Looking back at environmental loss — and more than a few successes — helps us look ahead to healing the planet.

Sunset over the ocean

Looking back at the year that was, we can’t help but also look forward. That’s what the best of our articles and commentaries did in 2022: They visualized the next steps toward a better future for wildlife, the planet and us.

Of course, sometimes getting to that point means looking at the pain, and there was plenty of that in 2022. But we remain resolute in our beliefs that good people can change the world for the better and that journalism is often the lens through which that echoes and amplifies.

So here are some of our best articles of 2022. They cover heavy topics like the extinction crisis, environmental justice and climate change, but they also celebrate those working to reverse the threats all of us face.

Learning to Love — and Protect — Burned Trees — A much-needed reminder that we don’t have to keep doing things the same way we always have.

solar panels
Native Renewables solar project. (Courtesy of Native Renewables)

Solar Sovereignty: The Promise of Native-Led Renewables — Renewable energy isn’t always easy, which is why we focus on folks who are making a difference, especially for underserved communities.

30 Ways Environmentalists Can Participate in Democracy  — The midterms may be over, but the buildup to 2024 has just begun, and there’s still a lot left to do on all fronts. Environmentalists often bemoan the political process, but we should never underestimate our power and potential.

Left Out to Dry: Wildlife Threatened by Colorado River Basin Water Crisis — One of the biggest crises facing the country right now. It’s easy to ignore wildlife when people are suffering, which is why this look behind the curtain is important.

Collision Course: Will the Plastics Treaty Slow the Plastics Rush? — Plastic pollution threatens us on a cellular level, and plastic production worsens the climate crisis. The United Nations could finally step in to help.

Another Dam(n) Extinction — Sad news, but a call for change. And a warning of what else could come if we’re not watching closely.

10 Ways War Harms Wildlife — With war in Ukraine raging on, we need to look at the effects of violence on the planet.

cargo ship
Photo: USDA (uncredited)

Cargo, With a Side of Hornets, Flies and Crabs — Your online shopping comes with a cost, and not always the one you might expect.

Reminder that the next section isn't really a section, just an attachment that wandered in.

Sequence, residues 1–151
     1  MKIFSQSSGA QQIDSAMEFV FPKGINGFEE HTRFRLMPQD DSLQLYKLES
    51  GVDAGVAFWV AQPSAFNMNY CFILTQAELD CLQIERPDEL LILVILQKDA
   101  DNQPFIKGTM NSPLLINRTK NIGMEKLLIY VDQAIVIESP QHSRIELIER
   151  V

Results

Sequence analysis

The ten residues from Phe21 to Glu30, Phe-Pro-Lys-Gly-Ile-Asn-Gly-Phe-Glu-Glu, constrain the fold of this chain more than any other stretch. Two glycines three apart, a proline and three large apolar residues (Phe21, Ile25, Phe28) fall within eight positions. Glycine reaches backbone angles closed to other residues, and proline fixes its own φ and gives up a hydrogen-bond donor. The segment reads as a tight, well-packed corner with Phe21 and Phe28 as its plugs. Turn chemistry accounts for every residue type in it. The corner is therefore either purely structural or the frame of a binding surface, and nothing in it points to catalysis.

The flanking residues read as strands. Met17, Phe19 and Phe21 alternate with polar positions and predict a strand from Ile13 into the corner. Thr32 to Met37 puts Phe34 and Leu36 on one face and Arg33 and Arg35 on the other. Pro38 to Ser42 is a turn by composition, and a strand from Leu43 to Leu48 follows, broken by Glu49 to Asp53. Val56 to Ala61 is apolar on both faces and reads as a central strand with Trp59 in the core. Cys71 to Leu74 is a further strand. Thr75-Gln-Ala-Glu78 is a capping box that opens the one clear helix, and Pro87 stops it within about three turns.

Dam Accounting: Taking Stock of Methane Emissions From Reservoirs — Hydropower often gets presented as a clean energy solution. It pays to examine those assertions.

On the Clean Water Act’s 50th Birthday, What Should We Celebrate? — One of the country’s milestone environmental laws celebrated an important anniversary this year, which serves as a reminder of what we can accomplish and what we’re still missing.

The Fight for an Invisible Fish — What you can’t see is still worth protecting.

Rainbows from Bunsen Peak, Mammoth Hot Springs. Photo: Neal Herbert/NPS

Environmental Groups: Earn Your Place at Pride — The environmental movement is still too white, too straight, and too willing to overlook its own diversity and equity problems. This op-ed challenges us to be better.

Is the Jaguarundi Extinct in the United States? — Sometimes you don’t know what you’ve lost until it’s gone. But sometimes there are opportunities to bring it back.

Armadillos Make Great Neighbors — We’re all connected.

Six Ways to Talk About Extinction — The more we talk about it, and the better we talk about it, the more opportunity we’ll have to prevent future loss.

How to Stop Wildlife Trafficking in Its Tracks — An important roadmap for the future.

Thanks for reading in 2022. Thanks, too, for your comments, questions, suggestions, shares and general support. We couldn’t keep running The Revelator without you, our valued readers and writers.

Here’s to more moving forward in 2023 — and beyond.

Creative Commons

John R. Platt

is the editor of The Revelator. An award-winning environmental journalist, his work has appeared in Scientific American, Audubon, Motherboard, and numerous other magazines and publications. His “Extinction Countdown” column has run continuously since 2004 and has covered news and science related to more than 1,000 endangered species. He is a member of the Society of Environmental Journalists and the National Association of Science Writers. John lives on the outskirts of Portland, Ore., where he finds himself surrounded by animals and cartoonists.

Tara Lohan  

worked as The Revelator's deputy editor from 2018-2024. She is the editor of two books on the global water crisis and is working on a book about dam removal.